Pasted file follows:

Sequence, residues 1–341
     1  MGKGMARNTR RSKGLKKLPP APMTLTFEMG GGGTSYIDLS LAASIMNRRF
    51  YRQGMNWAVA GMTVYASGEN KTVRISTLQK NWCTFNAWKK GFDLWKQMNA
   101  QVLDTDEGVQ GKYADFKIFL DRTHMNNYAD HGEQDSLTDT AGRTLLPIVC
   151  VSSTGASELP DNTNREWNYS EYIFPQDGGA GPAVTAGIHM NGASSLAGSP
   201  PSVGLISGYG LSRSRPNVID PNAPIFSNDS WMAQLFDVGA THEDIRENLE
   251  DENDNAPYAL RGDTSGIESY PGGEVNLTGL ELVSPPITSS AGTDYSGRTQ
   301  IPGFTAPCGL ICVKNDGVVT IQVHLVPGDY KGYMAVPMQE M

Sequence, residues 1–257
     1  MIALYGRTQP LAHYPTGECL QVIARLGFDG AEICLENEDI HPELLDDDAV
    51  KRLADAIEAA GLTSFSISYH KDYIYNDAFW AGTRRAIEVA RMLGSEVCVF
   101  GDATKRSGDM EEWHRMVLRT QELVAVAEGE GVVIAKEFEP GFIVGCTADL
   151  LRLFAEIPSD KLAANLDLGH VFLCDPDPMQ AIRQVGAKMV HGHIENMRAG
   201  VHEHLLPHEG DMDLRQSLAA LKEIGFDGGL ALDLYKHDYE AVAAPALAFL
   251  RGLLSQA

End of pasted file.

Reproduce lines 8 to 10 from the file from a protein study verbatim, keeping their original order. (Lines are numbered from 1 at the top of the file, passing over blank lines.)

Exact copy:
   301  IPGFTAPCGL ICVKNDGVVT IQVHLVPGDY KGYMAVPMQE M

Sequence, residues 1–257
     1  MIALYGRTQP LAHYPTGECL QVIARLGFDG AEICLENEDI HPELLDDDAV